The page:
The Maquoketa River - South Fork
The scenic Maquoketa River begins in Fayette County and passes through Delaware, Jones, and Jackson County and joins with the North Fork of the Maquoketa before entering the Mississippi River near Green Island. In Jones County the Maquoketa flows roughly 35 miles passing through the community of Monticello before entering Jackson County near Canton. Several canoe liveries provide canoe and tube rental opportunities.
It is said that the black bear, once common to this area, helped give the river its name. “Maquoketa” is a Native American word for bear. The cave-ridden, heavily wooded bluffs and hills making up the river valley were once prime habitat for the black bear. Black bears would have lived here year round hibernating in these cavern areas. Today black bears are only occasional visitors from Minnesota or Wisconsin.
Wildlife abounds along this river and represents many of Iowa’s native species. Recreationalists along this river might be lucky enough to see a nesting pair of bald eagles performing a courtship ritual overhead or hear the pounding of a pileated woodpecker. Anyone willing to wet a line along the river will enjoy pulling walleye, smallmouth bass, northern pike, catfish, and suckers from hidden pools and riffles. A welcome wild place in our modernized world.
History is subtly evident as you travel the Maquoketa. Fossils of brachiopods and coral let us dream about a moment in time when Iowa was once covered by a shallow prehistoric sea. The steep bedrock walls inspire us to envision a period in Iowa’s history when rivers ran high and swollen as melt water made its way downstream from huge melting glaciers gouging deep valleys as they flowed. The sandy loess soil on the rivers bluff tops tell a tale of wind and erosion. Ornate box turtles still survive in this sandy loess and remind us of a drier time in Iowa’s history. Indian grass, little bluestem, shooting star, and wild bergamot cling to life on rocky outcrops, fallen boulders, and bluff tops reminding us that the face of Iowa was once covered by a tall and beautiful prairie ecosystem. Rock fishing weirs remind us man was here too, hunting and living long before our circles began.
People today enjoy the river by water and from shore. The Maquoketa River has several public river access points in Jones County including the Mon Maq Dam Access, Pictured Rocks, Indian Bluffs, Hwy 136 Access, and Supples Access. Camping is available at Walnut Acres.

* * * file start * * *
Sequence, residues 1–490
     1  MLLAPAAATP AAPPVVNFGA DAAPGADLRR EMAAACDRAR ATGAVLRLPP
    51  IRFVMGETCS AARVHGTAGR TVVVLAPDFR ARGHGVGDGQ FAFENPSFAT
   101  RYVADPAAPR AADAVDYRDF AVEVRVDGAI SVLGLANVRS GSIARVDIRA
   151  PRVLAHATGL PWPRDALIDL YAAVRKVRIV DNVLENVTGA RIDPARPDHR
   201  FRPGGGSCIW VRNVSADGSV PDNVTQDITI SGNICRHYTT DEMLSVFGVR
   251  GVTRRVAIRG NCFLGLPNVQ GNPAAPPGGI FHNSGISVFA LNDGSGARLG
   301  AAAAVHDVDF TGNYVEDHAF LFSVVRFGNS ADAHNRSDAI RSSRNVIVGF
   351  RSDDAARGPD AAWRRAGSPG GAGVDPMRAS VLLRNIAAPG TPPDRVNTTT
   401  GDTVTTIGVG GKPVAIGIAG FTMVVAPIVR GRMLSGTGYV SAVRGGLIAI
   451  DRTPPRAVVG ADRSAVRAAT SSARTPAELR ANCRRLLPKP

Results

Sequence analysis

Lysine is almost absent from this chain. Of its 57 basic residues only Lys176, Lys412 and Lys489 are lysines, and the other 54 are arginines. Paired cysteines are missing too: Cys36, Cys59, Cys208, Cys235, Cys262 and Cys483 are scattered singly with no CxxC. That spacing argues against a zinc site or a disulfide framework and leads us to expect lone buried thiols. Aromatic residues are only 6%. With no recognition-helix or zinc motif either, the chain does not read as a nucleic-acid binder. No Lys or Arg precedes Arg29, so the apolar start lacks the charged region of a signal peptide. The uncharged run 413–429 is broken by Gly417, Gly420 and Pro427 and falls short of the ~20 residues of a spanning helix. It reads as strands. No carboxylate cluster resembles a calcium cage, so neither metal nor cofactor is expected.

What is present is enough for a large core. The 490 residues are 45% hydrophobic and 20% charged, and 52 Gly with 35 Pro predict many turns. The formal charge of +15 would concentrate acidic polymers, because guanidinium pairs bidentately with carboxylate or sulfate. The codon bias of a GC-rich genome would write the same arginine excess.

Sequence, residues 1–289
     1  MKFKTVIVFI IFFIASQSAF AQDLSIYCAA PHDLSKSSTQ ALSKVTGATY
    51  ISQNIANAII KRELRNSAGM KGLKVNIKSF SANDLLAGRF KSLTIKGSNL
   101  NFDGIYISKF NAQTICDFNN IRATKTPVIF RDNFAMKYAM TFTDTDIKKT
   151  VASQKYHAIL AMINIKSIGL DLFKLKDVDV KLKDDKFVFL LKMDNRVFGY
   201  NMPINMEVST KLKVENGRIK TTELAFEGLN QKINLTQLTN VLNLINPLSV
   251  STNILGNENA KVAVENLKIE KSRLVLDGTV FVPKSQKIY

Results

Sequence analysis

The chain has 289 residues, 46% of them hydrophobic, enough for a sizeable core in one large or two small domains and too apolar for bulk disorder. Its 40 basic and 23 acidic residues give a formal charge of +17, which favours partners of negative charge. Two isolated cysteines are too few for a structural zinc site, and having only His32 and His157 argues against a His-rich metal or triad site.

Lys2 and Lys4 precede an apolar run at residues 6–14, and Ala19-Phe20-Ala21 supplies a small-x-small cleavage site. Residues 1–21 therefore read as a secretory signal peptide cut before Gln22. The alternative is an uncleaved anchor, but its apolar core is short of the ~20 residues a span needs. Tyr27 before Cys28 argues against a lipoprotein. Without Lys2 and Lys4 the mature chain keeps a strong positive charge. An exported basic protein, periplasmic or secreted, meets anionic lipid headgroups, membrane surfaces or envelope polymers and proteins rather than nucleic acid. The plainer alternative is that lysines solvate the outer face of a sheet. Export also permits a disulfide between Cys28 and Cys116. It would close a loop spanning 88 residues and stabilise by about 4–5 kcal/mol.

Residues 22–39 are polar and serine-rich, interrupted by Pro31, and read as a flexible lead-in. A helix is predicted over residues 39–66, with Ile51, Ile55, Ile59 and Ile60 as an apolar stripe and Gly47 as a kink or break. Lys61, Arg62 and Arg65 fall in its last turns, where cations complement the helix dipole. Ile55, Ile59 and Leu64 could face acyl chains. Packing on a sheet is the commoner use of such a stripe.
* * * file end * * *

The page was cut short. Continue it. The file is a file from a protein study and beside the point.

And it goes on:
CAUTION: Use extreme caution near the Mon Maq Dam near Monticello. Low head dams are extremely dangerous. Uniformly falling water below the dam scours holes where the water recirculates trapping its victims under water. People should not venture over, on, or close to these structures or will risk drowning.
The North Fork of the Maquoketa River
North Fork of the Maquoketa River passing through Jones County gives
one the opportunity to imagine oneself in true wilderness. Averaging 70
feet wide this shallow stream is characterized by a sandy bottom
sometimes interspersed with rocks and boulders below steep bluffs and
North Fork begins in Dubuque County north of Holy Cross, swings into
Delaware County then enters Jones County in Cascade before heading into
Jackson County and joining the Maquoketa River near Maquoketa.
Entering Jones County in the town of Cascade paddlers should portage around the Dam found in the center of town. CAUTION: Use
extreme caution near the Dam in Cascade. Low head dams are extremely
dangerous. Uniformly falling water below the dam scours holes where the
water recirculates trapping its victims under water. People should not
venture over, on, or close to these structures or will risk drowning.
according to local lore, was named for the 9 foot, double tiered
waterfall that flowed in the middle of town near the current dam’s
location. Pre-1925 postcards are some of the only reminders of this
namesake. Flood control measures led to the creation of the current
channel, dam, and bridge and the demise of the waterfall.
Cascade downstream paddlers will enjoy the agricultural and small town
views before entering a long and pristine stretch of inaccessible
wilderness, roughly 18 miles between access points. On the eastern part
of the Southern Iowa Drift Plain this area depicts typical “Karst”
topography with sinkholes, springs, and caves. Known for its impressive
bluffs and scenic beauty this river is a favorite of many seasoned
Cave State Preserve is the only public area found on this stretch of
river in Jones County. Named after the original homesteader, Searryl’s
Cave, twisting 565
underground, is known for its large colony of hibernating bats. To
protect the bats, entry into the cave is prohibited from October 15th
thru April 1. The cave is worth the effort to get to but spelunkers
should be prepared for standing water and muddy conditions inside.
Flowstone and soda straw formations are visible in some areas of the
cave and should not be touched or disturbed.
At the end of this 18 mile stretch paddlers can take out in Jackson County at the Ozark Bridge on 21st Ave.